Anyway, I hope my students begin to appreciate what little wilderness we have left in New Jersey.

Friday, September 13, 2002

I decided that, since I'm asking my students to hike to the Rutgers Gardens the class after next (on September 25), I would hike it myself. I had hiked it a few years ago, too, but I only had a vague memory of what that was like. I brought along my digital camera so I could take pictures and create a "virtual tour" guide to the hike to prepare students for whatever hazards they'd encounter.

And there are definitely a couple of hazards.... So long as students take proper precautions, however, these should pose no real problem. And the walk should take only about 20 minutes from Loree. (It took me almost 30 minutes on the way there, but that was because I took over 20 pictures along the way. On the way back it was exactly 20 minutes at a slow pace).

Leaving from my office in the Loree Building and walking across the wide field in front of Woodlawn (home to the Eagleton Institute), past the Woodlawn Carriage House, past the Nielsen Dining Hall, and walking along Dudley Road in front of Lippincott Residence Hall (with its unused tennis courts), I came to Ryders Lane. There is a very safe pedestrian crossing there, at Dudley and Ryders, which I used to get across Ryders safely. I knew that the Henderson Apartments and Sears were straight ahead. I could see the PNC Bank building in the distance. Once across Ryders, I walked along that busy road South toward Route 1.

The way really was not too bad. The path there was a bit overgrown with weeds, but not hazardous. I tried to stomp some weeds down and clear the path a bit. But it was a bit of a mess, I had to admit. Most of the way, though, I felt quite safe. I passed by the Labor Education Center and the new Administrative Services Building. Across Ryders I could see the Newell Apartments, and it occured to me that anyone living there could probably shave at least 10 minutes off of the walk (though they would have to hazard running across four busy lanes of Ryders Lane -- not too difficult, given the divider in the middle).

The only time I felt a tad exposed was in crossing over the ramps that connect Ryders Lane with Route 1. The bridge over Route 1 itself has a very nice sidewalk on it and is very safe. But the ramps on either side of the bridge are a bit hazardous, and really, I think the only dangers on the trip. If you don't try to cross at the heads of the ramps, but instead walk a little ways into them (to give yourself some space to see any oncoming cars), you can really mitigate that hazard entirely. At the first ramp, in fact, you are encouraged by the way the guard-rail is set up to do exactly this. If you attempt to run across the off-ramp from Ryders North to Route 1 South you are putting yourself in grave danger, since you really cannot see the oncoming traffic at all from that spot. And just as you get across and have to leap over the guard-rail, you would be quite vulnerable to traffic. But if you walk to the spot across from where the guard-rail begins instead of trying to run and leap over the guard-rail, you are really quite safe. There is a lot of lead-way from Ryders along the ramp to that spot, and not only would a pedestrian be able to see any oncoming traffic but cars would have plenty of time to see pedestrians and slow down if necessary. The same goes for the ramp from Ryders to Route 1 North on the other side of the bridge. If students leave themselves enough room along the ramp to see oncoming cars, and if they watch carefully as they cross, there is really no danger there.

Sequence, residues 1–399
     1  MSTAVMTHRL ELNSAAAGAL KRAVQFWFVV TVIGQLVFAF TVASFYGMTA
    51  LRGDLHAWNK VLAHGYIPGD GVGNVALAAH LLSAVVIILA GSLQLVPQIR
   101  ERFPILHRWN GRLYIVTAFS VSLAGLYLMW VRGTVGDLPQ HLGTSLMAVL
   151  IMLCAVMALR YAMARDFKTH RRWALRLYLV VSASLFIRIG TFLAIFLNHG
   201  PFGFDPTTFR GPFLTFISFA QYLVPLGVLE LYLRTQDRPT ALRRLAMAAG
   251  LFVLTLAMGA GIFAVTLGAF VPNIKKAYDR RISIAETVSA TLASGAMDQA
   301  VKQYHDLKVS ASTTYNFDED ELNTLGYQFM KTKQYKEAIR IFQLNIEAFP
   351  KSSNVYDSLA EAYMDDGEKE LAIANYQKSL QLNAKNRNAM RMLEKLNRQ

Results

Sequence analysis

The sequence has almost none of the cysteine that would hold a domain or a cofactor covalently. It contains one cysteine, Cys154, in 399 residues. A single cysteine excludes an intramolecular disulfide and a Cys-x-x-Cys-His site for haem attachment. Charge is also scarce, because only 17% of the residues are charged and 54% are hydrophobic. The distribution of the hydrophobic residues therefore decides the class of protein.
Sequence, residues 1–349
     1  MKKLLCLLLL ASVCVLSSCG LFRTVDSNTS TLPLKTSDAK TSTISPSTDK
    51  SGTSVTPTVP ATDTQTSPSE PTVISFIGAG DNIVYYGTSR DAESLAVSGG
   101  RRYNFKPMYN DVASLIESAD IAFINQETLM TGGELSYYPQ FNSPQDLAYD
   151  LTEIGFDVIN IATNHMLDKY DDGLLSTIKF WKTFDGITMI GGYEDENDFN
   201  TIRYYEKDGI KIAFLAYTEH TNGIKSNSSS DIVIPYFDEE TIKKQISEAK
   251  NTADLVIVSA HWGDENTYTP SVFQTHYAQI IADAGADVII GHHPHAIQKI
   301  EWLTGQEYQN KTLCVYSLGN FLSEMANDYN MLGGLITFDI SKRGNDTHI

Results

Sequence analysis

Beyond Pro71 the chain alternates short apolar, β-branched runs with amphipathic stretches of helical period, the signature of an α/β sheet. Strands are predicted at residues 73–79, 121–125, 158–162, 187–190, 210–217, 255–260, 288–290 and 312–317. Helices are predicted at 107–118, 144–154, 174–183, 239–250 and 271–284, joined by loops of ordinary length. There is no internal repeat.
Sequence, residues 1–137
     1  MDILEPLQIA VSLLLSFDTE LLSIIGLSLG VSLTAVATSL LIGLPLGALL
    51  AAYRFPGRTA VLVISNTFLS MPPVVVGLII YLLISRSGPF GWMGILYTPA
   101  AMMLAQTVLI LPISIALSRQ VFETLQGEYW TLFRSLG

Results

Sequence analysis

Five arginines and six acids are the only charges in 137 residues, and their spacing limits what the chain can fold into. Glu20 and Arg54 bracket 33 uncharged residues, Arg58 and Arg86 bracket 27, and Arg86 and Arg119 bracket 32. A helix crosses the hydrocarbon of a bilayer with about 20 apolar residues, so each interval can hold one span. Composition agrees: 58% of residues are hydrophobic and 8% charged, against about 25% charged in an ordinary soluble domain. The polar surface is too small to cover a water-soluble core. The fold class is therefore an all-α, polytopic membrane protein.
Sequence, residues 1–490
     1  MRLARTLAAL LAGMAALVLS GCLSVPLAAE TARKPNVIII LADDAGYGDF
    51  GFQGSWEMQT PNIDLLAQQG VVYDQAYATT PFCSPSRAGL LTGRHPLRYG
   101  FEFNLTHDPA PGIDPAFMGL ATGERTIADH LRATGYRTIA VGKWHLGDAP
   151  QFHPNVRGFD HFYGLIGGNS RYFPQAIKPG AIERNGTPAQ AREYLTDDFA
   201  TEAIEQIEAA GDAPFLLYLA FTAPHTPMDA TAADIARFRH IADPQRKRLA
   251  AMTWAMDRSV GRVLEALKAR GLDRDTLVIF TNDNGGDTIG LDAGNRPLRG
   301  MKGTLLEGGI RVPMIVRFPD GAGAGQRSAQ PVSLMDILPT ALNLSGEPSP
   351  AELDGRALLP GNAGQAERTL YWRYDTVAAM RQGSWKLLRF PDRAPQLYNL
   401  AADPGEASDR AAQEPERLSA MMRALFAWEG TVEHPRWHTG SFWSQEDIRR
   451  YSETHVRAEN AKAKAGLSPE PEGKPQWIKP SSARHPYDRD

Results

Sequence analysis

I took some pictures, including pictures of these critical junctures in the trip. Along the way it occured to me that the College really ought to do something to improve the pedestrian route between Nicholas, say, and the Gardens. In fact, there is one spot where you should really be able to walk straight down from the ramp connecting Ryders and Route 1 North to get to the Rutgers Gardens Office. But the way is blocked by a fence. An athletic person could easily leap that fence and walk down to the office, shaving about 5 minutes or more off of the walk. But the fence is quite discouraging, and it seems ridiculous not to build a simple path there. No doubt the College is trying to discourage pedestrian traffic to the park. But that is ridiculous also.

Anyway, I will put that virtual tour up on our web site this weekend and will bring printed directions to class next time. And I'll have to remember to encourage them to wear long pants (some of the weeds along the road would be annoying to someone in shorts), bring a bottle of water (I consumed a full 24 oz. of water there and back), and and wear comfortable shoes (I actually had on my dress shoes, but I would have preferred something more sturdy).

Tuesday, September 10, 2002

Tomorrow is my first day teaching a new class of first year students in Perspectives on Agriculture and the Environment at Cook College. I hope to make it an interesting class. This year I thought I'd introduce a lot of interesting and (I hope) fun activities -- like keeping a "blog" for the class instead of a traditional journal.

Last year, students kept journals -- and that can be useful in its own way -- for instance, since they are basically writing for themselves and the teacher, students feel relatively safe to explore ideas they might not test in public. But one of the goals of college, I think, is to develop a public voice and to begin feeling comfortable talking outside of that traditional teacher - student dyad (which mirrors, in both good and bad ways, the parent - child dyad). I think if students begin to practice the arts of writin in public, they will begin to see the value of what they write and will begin to feel engaged with the world in meaningful ways.

There will be lots of other interesting class activities. If you are interested, you can visit our class web site at:

I'm still finishing the web site for the class, so there is lots to do....